The Yotam Ottolenghi 15-Minute Pasta I'll Be Making All Summer Long

Even a slow poke can swing this quick and easy dinner.

<p>Simply Recipes / Photo Illustration by Wanda Abraham / Myo Quinn</p>

Simply Recipes / Photo Illustration by Wanda Abraham / Myo Quinn

Almost 12 years into parenthood, I cook 10 times more now than at any other time of my life. (That’s saying a lot since I was once a line cook at a restaurant with hundreds of covers a night.) Gone are the days of slurping Cocoa Puffs in fancy oat milk and calling it a meal. Gone are the days of skipping dinner because I’d rather nap. These days, when five p.m. rolls around, my three offspring stare at me with puppy eyes looking for sustenance.

Game. On. Since this scenario plays out 365 days a year, I’ve become an expert at whipping up dinner. You may have seen many of my go-to’s on Simply Recipes: sesame soba noodles5-ingredient gingery ground beefmicrowave oyakodon, and more.

Recently, I’ve added a new quick and easy (two descriptors that can make any busy parent’s eyes twinkle) recipe to our family’s dinner rotation: Yotam Ottolenghi’s Za’atar Cacio e Pepe from his cookbook, Flavor.

It’s a creamy pasta that calls for pantry staples and takes 15 minutes—I promise this is possible even if you’re a slow poke. The big flavors come from butter, black pepper, Parm, and za’atar, a bright, earthy, herby, and toasty spice blend. It's a play on cacio e pepe, a classic Roman dish made with just pasta, salted water, freshly ground pepper, and Pecorino Romano.

Ottolenghi creates a silky sauce using a genius trick: cook the pasta in half the water you would typically use to concentrate it with the starch. Then, use this starchy water to emulsify (i.e. thicken and make creamy) the sauce. Try it once and you'll be whipping it up for dinner on repeat.

<p>Simply Recipes / Myo Quinn</p>

Simply Recipes / Myo Quinn

How I Make Yotam Ottolenghi’s Za’atar Cacio e Pepe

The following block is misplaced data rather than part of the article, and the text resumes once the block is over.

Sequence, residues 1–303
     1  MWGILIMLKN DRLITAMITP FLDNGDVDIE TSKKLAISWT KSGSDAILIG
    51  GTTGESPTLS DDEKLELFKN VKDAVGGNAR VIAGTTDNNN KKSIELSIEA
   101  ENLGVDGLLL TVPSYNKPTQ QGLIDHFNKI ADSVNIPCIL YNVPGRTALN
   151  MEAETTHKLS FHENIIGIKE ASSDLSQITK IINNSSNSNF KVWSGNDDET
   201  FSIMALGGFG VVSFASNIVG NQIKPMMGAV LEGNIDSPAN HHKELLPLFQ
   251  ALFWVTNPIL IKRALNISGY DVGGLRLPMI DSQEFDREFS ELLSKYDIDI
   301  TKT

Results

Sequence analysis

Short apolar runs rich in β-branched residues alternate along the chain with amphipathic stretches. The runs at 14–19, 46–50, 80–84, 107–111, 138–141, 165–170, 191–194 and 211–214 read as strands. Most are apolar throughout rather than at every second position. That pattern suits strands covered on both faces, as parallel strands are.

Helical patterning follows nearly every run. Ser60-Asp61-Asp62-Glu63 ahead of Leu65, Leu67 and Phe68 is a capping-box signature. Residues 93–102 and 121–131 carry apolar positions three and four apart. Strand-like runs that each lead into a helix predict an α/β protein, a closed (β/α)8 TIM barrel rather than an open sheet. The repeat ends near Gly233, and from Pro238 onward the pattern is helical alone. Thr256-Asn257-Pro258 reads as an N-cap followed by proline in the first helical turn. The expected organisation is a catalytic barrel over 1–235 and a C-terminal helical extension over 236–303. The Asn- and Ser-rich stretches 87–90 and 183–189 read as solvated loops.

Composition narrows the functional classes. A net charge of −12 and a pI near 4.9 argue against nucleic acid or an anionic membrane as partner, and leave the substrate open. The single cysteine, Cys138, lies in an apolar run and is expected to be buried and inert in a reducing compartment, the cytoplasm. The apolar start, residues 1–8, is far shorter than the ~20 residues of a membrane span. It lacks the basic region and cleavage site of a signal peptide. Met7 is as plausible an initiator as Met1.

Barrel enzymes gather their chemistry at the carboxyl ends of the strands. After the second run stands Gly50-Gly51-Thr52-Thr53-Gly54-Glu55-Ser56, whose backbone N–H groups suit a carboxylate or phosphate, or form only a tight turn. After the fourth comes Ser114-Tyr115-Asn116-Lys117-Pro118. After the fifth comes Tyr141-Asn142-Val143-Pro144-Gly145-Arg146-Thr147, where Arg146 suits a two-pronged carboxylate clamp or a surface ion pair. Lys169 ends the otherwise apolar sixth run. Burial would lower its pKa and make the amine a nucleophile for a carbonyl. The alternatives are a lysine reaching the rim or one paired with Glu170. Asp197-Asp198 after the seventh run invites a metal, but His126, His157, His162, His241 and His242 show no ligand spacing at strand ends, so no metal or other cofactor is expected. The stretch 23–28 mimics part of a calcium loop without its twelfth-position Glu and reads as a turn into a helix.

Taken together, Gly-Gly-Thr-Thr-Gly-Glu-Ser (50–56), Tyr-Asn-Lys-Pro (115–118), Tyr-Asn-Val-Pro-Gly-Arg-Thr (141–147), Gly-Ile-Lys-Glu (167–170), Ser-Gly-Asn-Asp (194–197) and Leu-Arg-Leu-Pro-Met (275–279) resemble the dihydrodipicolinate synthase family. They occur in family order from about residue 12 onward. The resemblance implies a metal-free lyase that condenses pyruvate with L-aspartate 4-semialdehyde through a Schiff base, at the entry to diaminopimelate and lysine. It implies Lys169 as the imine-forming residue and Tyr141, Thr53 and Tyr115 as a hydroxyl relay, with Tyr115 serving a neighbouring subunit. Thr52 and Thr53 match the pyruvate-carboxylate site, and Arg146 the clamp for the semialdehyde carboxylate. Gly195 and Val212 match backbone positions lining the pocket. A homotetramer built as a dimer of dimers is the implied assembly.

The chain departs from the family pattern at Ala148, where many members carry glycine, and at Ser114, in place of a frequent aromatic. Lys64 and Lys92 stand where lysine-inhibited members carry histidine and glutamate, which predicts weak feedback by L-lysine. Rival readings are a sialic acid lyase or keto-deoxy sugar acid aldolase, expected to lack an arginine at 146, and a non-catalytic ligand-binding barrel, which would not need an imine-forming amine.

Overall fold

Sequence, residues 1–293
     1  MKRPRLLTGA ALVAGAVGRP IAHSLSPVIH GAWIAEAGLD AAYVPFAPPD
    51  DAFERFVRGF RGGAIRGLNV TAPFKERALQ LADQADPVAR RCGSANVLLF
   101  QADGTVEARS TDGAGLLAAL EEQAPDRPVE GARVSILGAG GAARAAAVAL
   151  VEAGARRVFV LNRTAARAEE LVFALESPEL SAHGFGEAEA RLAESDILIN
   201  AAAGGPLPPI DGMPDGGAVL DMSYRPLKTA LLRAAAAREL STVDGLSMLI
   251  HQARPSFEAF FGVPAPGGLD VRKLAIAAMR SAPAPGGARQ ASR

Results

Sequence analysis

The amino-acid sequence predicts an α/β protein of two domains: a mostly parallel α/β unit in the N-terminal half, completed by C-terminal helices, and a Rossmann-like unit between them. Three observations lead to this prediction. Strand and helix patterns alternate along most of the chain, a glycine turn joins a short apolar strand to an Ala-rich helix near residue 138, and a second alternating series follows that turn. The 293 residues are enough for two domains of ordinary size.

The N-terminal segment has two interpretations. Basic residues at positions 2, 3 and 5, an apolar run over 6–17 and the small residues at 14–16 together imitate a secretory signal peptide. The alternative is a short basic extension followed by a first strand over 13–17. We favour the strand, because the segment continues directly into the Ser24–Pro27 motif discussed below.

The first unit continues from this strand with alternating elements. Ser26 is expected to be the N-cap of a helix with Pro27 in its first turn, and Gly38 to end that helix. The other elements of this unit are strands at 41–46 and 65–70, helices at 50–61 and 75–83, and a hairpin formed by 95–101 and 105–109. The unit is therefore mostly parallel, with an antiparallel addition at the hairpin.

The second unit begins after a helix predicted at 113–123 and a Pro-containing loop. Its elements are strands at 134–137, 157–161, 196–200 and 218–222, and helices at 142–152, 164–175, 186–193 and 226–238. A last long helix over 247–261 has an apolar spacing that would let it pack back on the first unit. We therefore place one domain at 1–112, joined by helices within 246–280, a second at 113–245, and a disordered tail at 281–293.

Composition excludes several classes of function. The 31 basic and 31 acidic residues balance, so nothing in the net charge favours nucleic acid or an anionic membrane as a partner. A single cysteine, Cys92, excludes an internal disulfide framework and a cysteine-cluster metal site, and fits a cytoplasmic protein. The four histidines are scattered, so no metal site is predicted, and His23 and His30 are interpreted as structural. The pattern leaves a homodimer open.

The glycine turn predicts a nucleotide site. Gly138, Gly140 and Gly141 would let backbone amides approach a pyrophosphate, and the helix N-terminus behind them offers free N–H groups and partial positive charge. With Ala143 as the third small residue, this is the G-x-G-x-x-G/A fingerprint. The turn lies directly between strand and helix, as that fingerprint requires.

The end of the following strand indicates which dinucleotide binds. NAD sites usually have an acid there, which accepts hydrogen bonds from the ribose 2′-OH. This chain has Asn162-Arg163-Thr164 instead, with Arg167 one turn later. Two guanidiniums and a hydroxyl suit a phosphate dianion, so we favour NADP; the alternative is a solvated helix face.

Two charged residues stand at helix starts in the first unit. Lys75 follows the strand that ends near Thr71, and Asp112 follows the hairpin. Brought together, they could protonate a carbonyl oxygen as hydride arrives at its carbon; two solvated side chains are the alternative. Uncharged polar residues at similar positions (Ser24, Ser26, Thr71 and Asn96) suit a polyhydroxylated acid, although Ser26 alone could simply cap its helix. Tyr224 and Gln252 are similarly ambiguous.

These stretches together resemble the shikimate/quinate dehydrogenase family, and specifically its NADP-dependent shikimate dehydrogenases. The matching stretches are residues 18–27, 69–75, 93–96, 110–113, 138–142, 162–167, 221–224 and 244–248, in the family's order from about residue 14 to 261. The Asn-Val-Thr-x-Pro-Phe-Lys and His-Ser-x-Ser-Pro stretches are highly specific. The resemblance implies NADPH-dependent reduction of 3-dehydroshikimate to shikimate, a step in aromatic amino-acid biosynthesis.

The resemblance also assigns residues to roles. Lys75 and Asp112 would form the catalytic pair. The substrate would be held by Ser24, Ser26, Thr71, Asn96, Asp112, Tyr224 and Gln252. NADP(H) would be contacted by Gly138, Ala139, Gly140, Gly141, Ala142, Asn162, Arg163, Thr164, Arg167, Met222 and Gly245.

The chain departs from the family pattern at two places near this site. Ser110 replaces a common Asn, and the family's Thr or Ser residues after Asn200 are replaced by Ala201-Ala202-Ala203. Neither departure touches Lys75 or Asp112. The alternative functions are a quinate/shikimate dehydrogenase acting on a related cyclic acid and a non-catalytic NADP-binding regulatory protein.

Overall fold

For four to six servings, you’ll need:

  • 1 pound dry bucatini (preferred) or spaghetti

  • 1 teaspoon salt

  • 1/4 cup unsalted butter (half of a stick)

  • 1 tablespoon za’atar

  • 2 teaspoons freshly ground black pepper

  • 1 cup finely grated Pecorino Romano or Parmigiano Reggiano

Start by bringing 6 cups of water and 1 teaspoon of salt to a boil over high heat. Use the widest pot or braiser you own. I use this braiser, which you can also see in the image below—the pasta can fit without having to break it in half. Plus, the wider the pot, the faster the water will boil.

Add the bucatini, and cook it until al dente following package instructions. You’ll cook the pasta a little longer in the sauce, so I really mean al dente unless you like overcooked pasta. Stir occasionally so that the strands don’t stick to each other.

<p>Simply Recipes / Myo Quinn</p>

Simply Recipes / Myo Quinn

While the pasta cooks, melt the butter in a high-sided pan set over medium heat. Stir in the za’atar and black pepper.

Use tongs to scoop the cooked pasta into the butter. With the heat still on, continue to stir vigorously, while adding two cups of the pasta water, 1/2 cup at a time. The sauce will thicken and become silky.

Turn off the heat. Stir in half of the grated Pecorino or Parm until fully melted, then stir in the other half.

Serve warm with more cheese and za’atar sprinkled on top.

Ottolenghi’s recipe calls for finishing the pasta with olive oil and torn marjoram leaves, but my kids have never said, “Mommy, I think this is missing a little something something… maybe olive oil?” And I can never find fresh marjoram at the store. I'm sure it would be delicious with both.

BUY THE COOKBOOKFlavor by Yotam Ottolenghi

<p>Simply Recipes / Myo Quinn</p>

Simply Recipes / Myo Quinn

Read the original article on Simply Recipes.